Irish STEM inclusion programme is expanding nationwide

1 Dec 2023

Three students from Lucan Community College graduating from the STEM Passport for Inclusion initiative. Image: Tadhg Nathan

The STEM Passport for Inclusion programme is being scaled up nationwide to reach a further 5,000 students, after 1,250 took part over the past two years.

A programme to help young women from underserved communities find potential career paths in science, technology, engineering and maths (STEM) fields is scaling up after its initial success.

The STEM Passport for Inclusion initiative was launched two years ago as a way to give young women equal opportunities to access STEM education. The programme is being undertaken by Maynooth University, Microsoft Ireland, Science Foundation Ireland and the Department of Education.

So far, 1,250 students have taken part in the programme. The initiative plans to engage with a further 5,000 students and will see participants graduate from one of three partner universities, which are the Atlantic Technological University, Munster Technological University and Maynooth University.

Maynooth said the programme combines a Level 6 NFQ (National Framework of Qualifications), education supports and mentoring from industry role models to help students progress to third-level education and achieve a STEM qualification.

The expansion was announced at a recent graduation ceremony for the programme, where 300 students from 17 DEIS schools in Leinster received a certificate for their participation.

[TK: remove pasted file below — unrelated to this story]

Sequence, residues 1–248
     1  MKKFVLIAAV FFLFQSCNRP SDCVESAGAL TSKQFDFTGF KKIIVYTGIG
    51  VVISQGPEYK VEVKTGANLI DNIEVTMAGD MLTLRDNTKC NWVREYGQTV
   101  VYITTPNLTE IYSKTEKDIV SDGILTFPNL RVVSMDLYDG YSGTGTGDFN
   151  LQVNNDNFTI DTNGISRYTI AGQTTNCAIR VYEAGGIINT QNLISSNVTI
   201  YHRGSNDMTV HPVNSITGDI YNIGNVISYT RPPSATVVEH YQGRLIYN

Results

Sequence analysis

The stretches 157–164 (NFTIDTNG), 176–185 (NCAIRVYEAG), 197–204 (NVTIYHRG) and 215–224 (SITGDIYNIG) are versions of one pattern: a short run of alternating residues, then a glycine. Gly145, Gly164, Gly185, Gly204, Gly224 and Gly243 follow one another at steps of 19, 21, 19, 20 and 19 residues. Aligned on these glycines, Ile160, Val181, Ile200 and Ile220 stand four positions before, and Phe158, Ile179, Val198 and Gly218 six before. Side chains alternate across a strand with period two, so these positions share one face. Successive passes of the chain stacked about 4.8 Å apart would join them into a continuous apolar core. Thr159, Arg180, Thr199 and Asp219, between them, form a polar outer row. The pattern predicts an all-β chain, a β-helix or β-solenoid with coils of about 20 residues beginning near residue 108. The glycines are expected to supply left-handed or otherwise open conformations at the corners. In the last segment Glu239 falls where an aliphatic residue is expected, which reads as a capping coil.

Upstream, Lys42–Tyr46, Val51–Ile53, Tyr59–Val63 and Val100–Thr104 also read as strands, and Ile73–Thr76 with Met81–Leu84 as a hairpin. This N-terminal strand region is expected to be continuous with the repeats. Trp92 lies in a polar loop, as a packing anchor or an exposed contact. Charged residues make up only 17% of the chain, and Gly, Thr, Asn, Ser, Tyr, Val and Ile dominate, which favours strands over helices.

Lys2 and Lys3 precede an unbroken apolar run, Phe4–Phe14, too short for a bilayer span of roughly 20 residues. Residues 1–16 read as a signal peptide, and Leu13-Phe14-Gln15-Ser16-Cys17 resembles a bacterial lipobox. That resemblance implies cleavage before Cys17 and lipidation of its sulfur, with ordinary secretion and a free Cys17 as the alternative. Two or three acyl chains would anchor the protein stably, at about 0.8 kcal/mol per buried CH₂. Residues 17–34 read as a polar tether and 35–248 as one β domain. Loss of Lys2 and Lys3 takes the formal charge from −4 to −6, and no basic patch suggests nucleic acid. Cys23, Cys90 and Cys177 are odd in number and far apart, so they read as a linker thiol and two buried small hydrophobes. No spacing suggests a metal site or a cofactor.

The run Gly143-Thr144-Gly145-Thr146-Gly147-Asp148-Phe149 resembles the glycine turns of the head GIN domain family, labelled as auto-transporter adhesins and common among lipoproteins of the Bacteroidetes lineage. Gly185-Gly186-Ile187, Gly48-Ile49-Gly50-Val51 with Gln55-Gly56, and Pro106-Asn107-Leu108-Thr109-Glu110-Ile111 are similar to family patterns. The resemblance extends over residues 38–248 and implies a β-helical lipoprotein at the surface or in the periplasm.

Dr Katriona O’Sullivan, a digital skills lecturer at Maynooth, said the impact of the programme on students has already been “far reaching”.

“Some of them will be the first in their family or school to get a university award and many will not have taken any science, technology or engineering subjects in school,” O’Sullivan said. “We are delighted for them.”

“We currently have 2,000 students from DEIS schools registered in three universities taking the module. Furthermore, the students will have the opportunity to benefit from mentoring from more than 600 mentors from 40 companies across Ireland.”

Earlier this year, a group of transition-year students from Lucan travelled to Microsoft’s campus in Leopardstown to get an accelerated version of the programme. The students engaged with Microsoft’s Dream Space team and learned about subjects such as coding, engineering and maths.

To date, Microsoft has contributed €600,000 to the programme and more than 200 of its staff are actively supporting the STEM Passport initiative.

The STEM Passport programme was featured in a six-part documentary series called Change Makers, which explored university research projects.

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Leigh Mc Gowran is a journalist with Silicon Republic